Widening the focus, many of us would be forgiven for thinking that we already have a truly global marketplace: it is true that technology has given companies and individuals far greater reach across the globe. However, the evidence to date does little to prove that individual stock prices are driven by global market movements, and the region of index in which a stock is listed is still the primary factor affecting price. There are exceptions to this rule, such as oil and pharmaceutical stocks, but they remain in the minority at present.
It is inevitable that there will be change, albeit we believe the pace of change is likely to be slower than that affecting European markets. We suggest, therefore, that trustees of UK pension plans can begin to take some action now by implementing a transition from the current regional approach to international investment by introducing global equity managers in addition to their regional based mandates (see Figure 2).
Typically these global mandates would be benchmarked against a world index, ie, one which includes the UK.
As with the approach to Europe described above, this method provides an easy mechanism for trustees to alter the balance from regional to a more ‘bottom up’ approach to global equity investment, as the trend towards globalisation becomes more pronounced and better defined.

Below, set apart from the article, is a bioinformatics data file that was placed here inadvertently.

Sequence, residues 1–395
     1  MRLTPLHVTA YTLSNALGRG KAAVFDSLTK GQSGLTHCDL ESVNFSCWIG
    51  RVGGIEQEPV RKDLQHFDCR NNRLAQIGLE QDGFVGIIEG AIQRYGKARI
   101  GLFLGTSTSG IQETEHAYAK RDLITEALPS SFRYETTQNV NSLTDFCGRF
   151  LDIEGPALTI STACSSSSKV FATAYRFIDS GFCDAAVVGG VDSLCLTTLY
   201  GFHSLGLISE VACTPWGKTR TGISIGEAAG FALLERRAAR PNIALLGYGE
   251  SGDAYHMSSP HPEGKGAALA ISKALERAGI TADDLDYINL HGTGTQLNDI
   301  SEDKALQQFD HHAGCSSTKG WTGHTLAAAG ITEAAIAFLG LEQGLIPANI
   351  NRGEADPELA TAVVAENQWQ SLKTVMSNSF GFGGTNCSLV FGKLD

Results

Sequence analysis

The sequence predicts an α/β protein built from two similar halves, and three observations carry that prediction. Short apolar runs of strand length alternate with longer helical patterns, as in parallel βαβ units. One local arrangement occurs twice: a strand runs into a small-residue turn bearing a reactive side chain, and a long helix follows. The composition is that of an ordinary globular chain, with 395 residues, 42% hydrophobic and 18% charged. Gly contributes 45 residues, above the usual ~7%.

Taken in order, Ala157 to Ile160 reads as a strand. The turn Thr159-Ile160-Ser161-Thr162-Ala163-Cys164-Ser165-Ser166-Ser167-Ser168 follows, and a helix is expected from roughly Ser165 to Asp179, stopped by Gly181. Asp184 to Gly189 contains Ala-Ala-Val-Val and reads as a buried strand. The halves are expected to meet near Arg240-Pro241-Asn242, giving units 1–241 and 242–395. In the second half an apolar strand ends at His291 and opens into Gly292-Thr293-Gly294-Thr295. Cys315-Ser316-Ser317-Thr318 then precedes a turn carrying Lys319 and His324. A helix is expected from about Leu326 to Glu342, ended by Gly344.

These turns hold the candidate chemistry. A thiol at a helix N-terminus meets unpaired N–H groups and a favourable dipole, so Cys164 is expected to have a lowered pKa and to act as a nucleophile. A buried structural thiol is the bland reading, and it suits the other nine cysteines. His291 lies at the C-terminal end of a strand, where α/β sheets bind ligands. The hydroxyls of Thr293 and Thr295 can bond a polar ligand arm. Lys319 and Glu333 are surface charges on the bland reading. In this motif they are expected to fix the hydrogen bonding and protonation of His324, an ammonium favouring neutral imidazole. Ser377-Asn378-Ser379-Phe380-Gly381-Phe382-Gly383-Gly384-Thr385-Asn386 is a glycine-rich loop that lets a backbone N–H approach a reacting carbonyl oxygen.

We believe this provides an opportunity for capturing additional investment return from truly global fund managers, who can exploit the inefficiencies created by this transition in global markets.
There has been much coverage of an alternative to our approach, which encompasses the use of the newly created multinational range of indices. The argument in favour of this approach is predicated upon multinational companies exhibiting different characteristics from domestic or local stocks. Whilst this solution also deals with the need to diversify from an increasingly concentrated UK market, evidence suggests that the performance of multinationals is still closely correlated to their domestic market. This is backed up by analysis that the level of overseas sales by the top 100 UK companies has shown little sign of increasing over the last decade. What the multinationals approach does do is capture a large company effect, which probably explains a greater element of the difference in performance between stocks in recent years, which we do not see as desirable.
It is appropriate to challenge traditional benchmarks where there is a clear trend pointing towards the need for change. Investors normally benefit from being one of the first to change, rather than one of the followers. With this in mind we believe it is appropriate to reduce the current bias to the domestic equity market, and invest a greater proportion of equity assets internationally. We believe trustees should put in place a more European driven structure now that will facilitate the transition to a single European market, as and when this takes place. Further, we would encourage trustees to consider implementing a truly ‘bottom up’ global equity mandate, albeit not a total shift away from the current regional approach.
Andrew Green is head of strategic investment consulting at Mercer.